IN THE FINAL tonight during the All-Star break, New Orleans Pelicans guard CJ McCollum, striker Brandon Ingram and coach Willie Green went out for a small private dinner at FLINT by Baltaire in Phoenix.
The Pelicans had gone 1-4 since the trade on Feb. 8, sending Josh Hart, Tomas Satoransky, Nickeil Alexander-Walker and Didi Louzada to the Portland Trail Blazers for McCollum, Larry Nance Jr. and Tony Snell. At 23-36, they had only a 10% chance of reaching the playoffs, according to ESPN’s BPI forecasts.
Ingram and McCollum are ball-dominating playmakers, and in his first season as head coach, Green needed to figure out how to put both players in positions of success.
So the three talked and enjoyed a cabernet sauvignon. McCollum, one of the NBA’s leading wine connoisseurs who runs his own winery in Oregon, had ordered a 2015, but they were served a 2018, a critical mistake. McCollum was quick to make the mistake, and they decided on a 2017, a quick fix.
This, they say, was the turning point in Pelican season, a trio gathered around a table with oysters, french fries, donuts, sorbet and the wrong wine.
“I think it set the stage, the tone, for the rest of the season, in a way that allowed us to connect on another level,” McCollum told ESPN. “It allowed us all to be on the same page to express what we want and feel we can achieve together, how we want to do it.”
McCollum, a nine-year veteran, told Ingram during dinner that he wanted to have an open line of communication with him, and would discuss the game on every occasion.
“It was effective for me to hear him say everything he said,” Ingram says. “Everything he said he had been through that he had gone through in the league. His perspective on the game, he said I could communicate to him that I needed. It was helpful to me.”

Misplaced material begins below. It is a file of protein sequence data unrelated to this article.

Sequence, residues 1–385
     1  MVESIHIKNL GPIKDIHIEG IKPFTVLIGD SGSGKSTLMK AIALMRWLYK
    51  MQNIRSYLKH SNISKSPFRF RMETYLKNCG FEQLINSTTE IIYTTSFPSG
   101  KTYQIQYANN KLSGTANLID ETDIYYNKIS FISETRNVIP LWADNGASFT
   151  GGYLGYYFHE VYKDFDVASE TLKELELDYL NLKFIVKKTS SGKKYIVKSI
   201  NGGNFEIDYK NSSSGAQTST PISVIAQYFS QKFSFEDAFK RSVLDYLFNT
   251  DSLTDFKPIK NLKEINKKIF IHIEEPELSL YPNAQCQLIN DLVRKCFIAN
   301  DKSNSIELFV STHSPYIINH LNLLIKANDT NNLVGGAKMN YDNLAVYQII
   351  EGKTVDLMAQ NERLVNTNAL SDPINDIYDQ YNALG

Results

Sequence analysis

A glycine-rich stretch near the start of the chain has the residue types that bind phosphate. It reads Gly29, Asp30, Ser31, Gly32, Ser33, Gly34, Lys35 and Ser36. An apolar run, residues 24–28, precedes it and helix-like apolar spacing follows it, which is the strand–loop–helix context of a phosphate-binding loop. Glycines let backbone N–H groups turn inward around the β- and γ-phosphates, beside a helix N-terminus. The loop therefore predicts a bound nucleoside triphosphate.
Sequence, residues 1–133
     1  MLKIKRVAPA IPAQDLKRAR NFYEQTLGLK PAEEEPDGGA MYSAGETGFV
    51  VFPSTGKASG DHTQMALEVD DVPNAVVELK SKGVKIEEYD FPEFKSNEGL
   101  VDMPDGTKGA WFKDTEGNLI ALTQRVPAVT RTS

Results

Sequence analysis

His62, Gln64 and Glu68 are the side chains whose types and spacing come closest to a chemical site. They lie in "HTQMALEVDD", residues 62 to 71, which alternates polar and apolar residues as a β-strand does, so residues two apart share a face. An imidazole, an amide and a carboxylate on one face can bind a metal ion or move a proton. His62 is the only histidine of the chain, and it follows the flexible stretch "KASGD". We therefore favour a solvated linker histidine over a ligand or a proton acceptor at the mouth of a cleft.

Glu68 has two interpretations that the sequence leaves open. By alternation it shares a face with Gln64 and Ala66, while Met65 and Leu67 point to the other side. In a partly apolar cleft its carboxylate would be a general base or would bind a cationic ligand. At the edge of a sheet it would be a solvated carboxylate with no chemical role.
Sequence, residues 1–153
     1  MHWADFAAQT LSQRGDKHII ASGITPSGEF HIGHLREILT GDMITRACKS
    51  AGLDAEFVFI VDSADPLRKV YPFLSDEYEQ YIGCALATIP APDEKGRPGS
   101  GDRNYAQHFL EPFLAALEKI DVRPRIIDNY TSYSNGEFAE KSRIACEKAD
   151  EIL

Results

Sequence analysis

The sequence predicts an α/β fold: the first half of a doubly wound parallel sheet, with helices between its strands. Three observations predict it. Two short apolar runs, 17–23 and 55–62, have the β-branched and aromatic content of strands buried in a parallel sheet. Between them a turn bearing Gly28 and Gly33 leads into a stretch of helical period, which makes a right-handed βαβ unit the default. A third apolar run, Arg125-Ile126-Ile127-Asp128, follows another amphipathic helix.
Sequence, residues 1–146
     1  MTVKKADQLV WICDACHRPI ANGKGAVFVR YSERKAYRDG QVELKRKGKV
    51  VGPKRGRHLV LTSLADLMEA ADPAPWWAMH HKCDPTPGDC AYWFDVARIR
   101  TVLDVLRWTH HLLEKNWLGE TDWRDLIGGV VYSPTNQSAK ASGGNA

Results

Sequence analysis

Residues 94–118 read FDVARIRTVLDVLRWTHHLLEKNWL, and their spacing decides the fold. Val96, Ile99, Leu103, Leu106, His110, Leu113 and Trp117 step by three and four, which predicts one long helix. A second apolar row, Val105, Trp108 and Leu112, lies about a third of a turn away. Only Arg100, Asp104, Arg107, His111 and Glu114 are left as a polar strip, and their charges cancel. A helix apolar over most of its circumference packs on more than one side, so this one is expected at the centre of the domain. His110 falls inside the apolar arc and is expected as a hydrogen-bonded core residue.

The Pelicans went 13-10 after the All-Star break and ended the regular season as No. 9 seed. While Ingram has missed 13 games since switching, New Orleans is 8-2 with McCollum and Ingram in a row. Ingram is listed as likely for Wednesday’s play-in game against the San Antonio Spurs.
McCollum never missed an after-season while playing alongside All-Star Damian Lillard in Portland. But for these team dinners to continue this season, it is McCollum who will have to lead this young Pelicans team, which has very little playoff experience and is still without its franchise superstar.
LEADS TO The Trail Blazer’s locker room inside the Moda Center is a reminder of one of the most iconic plays of McCollum’s tenure with the organization. The picture shows McCollum getting up, his wrists swirling, the ball drifting in the air against the basket as time ticked down late in Game 7 of the 2019 Western Conference semifinals against the Denver Nuggets – one of the lasting memories of his time in Portland.
Every day, when Lillard goes to the locker room, he is reminded of his friend’s achievements. The two had three seasons with 50 wins. They once reached the final of the Western Conference – McCollum’s shot on the wall lifted them there – but they knew they had hit their ceiling.
“We knew it was going to come eventually. We had that conversation. We knew this day was going to come, but when the day actually came, it was like ‘for hell,'” Lillard says. “We achieved a lot. But s —, all good things come to an end.”
Lillard and McCollum always sat next to each other on the team plane. They vacationed together. They drove to and from home games together. Even their mothers became close.
Every year on Media Day, the two promised to hold each other accountable throughout the season, no matter what.
“It’s weird, man. It’s weird to see him enjoy playing with someone else,” Lillard says. “It’s almost like a little bit of jealousy, like … man he’s having fun playing with them. I’ve always said that me and CJ are real [partners]. That’s really my friend. I always knew what he was capable of. “
So much of what he did in Portland was trying to balance his style with Lillards.
McCollum says his leadership style came from his parents. His mother stressed the importance of communication and holding others accountable. His father taught him that if you want respect from people, you have to give it back.
Sometimes, he learned, it meant being direct – and blunt.